Bangko Sentral ng Pilipinas is making steps to encourage digital payments and lower the country’s reliance on cash. (Image courtesy: Don Adolfo/flickr).

The Philippines central bank, Bangko Sentral ng Pilipinas (BSP), has launched an online payment facility for government transactions and is championing the adoption of a national QR code standard, in a bid to move away from cash and reduce payment errors.  

Online facility eGov Pay will allow citizens to make financial transactions with government agencies, such as paying taxes and other fees, electronically, enabling easier tracking of payment status and boosting transparency. The payments will be made via a portal operated by the Land Bank of the Philippines, a universal bank owned by the government.

The Bureau of Internal Revenue – which ran a successful pilot in August this year – and the Department of Trade and Industry are the first two government agencies to use eGov Pay. The city government of capital Manila and the national police are among other public authorities to have signed up to the initiative, according to OpenGov Asia.

BSP governor, Benjamin Diokno, is optimistic that “all government agencies will be part of the system before 2023, if not sooner,” according to one report.

A report from the World Bank published last year, the Global Findex Database, found that the majority of government payments to people in the Philippines are still made in cash rather than to a bank account, while cash is also often used for transactions such as payment of utility bills.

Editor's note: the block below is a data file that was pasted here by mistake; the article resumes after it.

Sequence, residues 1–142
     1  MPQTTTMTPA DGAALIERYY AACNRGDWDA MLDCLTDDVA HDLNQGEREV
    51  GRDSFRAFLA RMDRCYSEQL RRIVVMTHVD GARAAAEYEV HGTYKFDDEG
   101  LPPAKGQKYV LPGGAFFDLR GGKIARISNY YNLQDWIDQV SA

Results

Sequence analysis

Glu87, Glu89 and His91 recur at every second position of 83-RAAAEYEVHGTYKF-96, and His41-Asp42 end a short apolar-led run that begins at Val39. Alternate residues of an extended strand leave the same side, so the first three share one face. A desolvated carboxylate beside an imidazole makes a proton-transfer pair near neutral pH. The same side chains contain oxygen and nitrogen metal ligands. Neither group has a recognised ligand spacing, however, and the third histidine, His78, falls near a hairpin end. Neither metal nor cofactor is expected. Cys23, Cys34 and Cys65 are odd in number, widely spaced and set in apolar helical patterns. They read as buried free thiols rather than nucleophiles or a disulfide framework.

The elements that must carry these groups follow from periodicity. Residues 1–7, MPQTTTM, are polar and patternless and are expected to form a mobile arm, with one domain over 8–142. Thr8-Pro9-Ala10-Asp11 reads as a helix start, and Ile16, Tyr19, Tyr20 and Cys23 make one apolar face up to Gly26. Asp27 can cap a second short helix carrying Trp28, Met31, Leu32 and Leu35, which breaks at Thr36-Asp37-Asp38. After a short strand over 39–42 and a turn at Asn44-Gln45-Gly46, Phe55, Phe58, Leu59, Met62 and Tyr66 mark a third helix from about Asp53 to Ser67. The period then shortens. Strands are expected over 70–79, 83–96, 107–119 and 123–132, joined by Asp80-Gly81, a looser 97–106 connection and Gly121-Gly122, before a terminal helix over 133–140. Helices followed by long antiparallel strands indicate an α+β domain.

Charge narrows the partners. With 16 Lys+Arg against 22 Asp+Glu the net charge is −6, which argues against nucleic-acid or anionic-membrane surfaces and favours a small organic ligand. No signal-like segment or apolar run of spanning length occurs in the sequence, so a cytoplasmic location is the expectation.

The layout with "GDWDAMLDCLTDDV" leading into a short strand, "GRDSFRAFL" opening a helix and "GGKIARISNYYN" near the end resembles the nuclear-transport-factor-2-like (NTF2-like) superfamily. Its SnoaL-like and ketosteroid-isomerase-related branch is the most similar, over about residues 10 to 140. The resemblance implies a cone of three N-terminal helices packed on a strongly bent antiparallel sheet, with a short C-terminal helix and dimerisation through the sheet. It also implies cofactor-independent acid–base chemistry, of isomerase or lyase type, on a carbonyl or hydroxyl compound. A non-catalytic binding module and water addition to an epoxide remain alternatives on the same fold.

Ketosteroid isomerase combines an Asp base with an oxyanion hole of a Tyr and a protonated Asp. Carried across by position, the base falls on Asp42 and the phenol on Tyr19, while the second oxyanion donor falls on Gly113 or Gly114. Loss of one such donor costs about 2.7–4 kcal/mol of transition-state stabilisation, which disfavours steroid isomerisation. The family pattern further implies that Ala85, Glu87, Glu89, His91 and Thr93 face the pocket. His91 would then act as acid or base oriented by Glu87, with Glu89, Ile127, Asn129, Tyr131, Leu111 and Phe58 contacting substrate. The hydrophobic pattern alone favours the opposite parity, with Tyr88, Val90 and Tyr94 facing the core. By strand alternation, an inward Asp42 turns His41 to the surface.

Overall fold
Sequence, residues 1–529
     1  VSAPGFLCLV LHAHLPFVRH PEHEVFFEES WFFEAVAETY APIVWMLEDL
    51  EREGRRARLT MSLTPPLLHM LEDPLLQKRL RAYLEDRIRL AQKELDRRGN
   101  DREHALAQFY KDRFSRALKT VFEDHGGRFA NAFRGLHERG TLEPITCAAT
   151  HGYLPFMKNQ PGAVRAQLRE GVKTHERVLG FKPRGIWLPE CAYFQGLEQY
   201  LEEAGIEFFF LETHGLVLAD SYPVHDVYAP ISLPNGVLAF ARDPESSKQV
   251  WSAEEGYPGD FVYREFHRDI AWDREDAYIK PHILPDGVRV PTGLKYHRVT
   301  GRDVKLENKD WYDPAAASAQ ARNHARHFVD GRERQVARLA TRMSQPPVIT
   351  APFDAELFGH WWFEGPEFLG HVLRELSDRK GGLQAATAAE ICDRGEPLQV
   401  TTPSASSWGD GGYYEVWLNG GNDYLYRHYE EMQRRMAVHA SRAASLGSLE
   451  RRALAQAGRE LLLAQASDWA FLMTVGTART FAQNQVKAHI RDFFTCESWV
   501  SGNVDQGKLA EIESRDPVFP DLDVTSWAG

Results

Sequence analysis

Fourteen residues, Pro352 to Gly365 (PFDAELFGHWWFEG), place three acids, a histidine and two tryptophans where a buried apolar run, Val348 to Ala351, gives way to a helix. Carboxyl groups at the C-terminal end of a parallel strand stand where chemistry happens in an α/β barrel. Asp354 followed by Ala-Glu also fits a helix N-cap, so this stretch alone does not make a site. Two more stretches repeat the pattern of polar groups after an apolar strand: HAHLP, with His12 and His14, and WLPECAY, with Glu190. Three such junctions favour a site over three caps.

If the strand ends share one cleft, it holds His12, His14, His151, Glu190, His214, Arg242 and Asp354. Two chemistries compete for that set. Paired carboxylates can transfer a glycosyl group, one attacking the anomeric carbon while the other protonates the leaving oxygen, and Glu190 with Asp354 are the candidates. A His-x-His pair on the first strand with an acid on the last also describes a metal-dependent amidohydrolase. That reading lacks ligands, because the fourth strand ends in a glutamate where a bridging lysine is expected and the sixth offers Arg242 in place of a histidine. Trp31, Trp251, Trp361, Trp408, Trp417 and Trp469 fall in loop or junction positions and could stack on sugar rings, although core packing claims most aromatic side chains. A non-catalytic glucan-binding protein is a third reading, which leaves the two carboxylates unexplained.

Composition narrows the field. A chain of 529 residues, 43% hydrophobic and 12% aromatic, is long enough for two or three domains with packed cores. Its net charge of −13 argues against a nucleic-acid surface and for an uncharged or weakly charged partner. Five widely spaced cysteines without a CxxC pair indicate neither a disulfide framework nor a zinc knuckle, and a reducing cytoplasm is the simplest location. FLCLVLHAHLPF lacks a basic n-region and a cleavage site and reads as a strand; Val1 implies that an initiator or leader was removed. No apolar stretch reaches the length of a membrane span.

Quicker and cheaper

As well as launching eGov Pay, BSP is also advocating the adoption of a national QR code standard by all banks and financial technology firms, in a bid to further drive digital transactions. QR or ‘Quick Response’ codes comprise squares of black and white blocks that can be scanned by smartphones, enabling contactless payment.

The technology is cheaper than the point-of-sale devices usually needed for card-based payments and it is envisioned that the adoption of a national QR code standard will help to bring more people, as well as micro and small enterprises, into the financial system.

According to reports, Vicente de Villa, managing director of the BSP’s fintech division, said the use of QR codes for peer-to-peer transactions would also minimise, if not eliminate, errors in the input of account details.

He added that rules are being finalised ahead of the launch of peer-to-business QR transactions next year. “We are hoping for that to happen no later than the first half of 2020,” he said.

In launching a national QR code standard, the Philippines is following a route trodden by other countries worldwide. Elsewhere in South-East Asia, Singapore announced its Singapore Quick Response Code (SGQR) in 2018, while earlier this year Global Government Forum reported that the West African country of Ghana had committed to roll out a universal QR code.

A version of this article first appeared on our sister publication Global Government Forum


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